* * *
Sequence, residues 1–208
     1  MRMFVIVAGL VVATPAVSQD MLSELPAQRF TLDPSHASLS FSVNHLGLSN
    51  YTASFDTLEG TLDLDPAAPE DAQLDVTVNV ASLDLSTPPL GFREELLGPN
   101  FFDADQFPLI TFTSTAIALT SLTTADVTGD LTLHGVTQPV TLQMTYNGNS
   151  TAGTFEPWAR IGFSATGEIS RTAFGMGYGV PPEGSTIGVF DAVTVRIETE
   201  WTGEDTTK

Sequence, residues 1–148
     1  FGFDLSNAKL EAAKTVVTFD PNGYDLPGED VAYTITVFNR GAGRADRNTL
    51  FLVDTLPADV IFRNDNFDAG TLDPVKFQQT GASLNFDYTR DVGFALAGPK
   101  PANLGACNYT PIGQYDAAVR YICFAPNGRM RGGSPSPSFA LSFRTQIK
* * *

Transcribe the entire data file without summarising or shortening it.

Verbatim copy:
Sequence, residues 1–208
     1  MRMFVIVAGL VVATPAVSQD MLSELPAQRF TLDPSHASLS FSVNHLGLSN
    51  YTASFDTLEG TLDLDPAAPE DAQLDVTVNV ASLDLSTPPL GFREELLGPN
   101  FFDADQFPLI TFTSTAIALT SLTTADVTGD LTLHGVTQPV TLQMTYNGNS
   151  TAGTFEPWAR IGFSATGEIS RTAFGMGYGV PPEGSTIGVF DAVTVRIETE
   201  WTGEDTTK

Sequence, residues 1–148
     1  FGFDLSNAKL EAAKTVVTFD PNGYDLPGED VAYTITVFNR GAGRADRNTL
    51  FLVDTLPADV IFRNDNFDAG TLDPVKFQQT GASLNFDYTR DVGFALAGPK
   101  PANLGACNYT PIGQYDAAVR YICFAPNGRM RGGSPSPSFA LSFRTQIK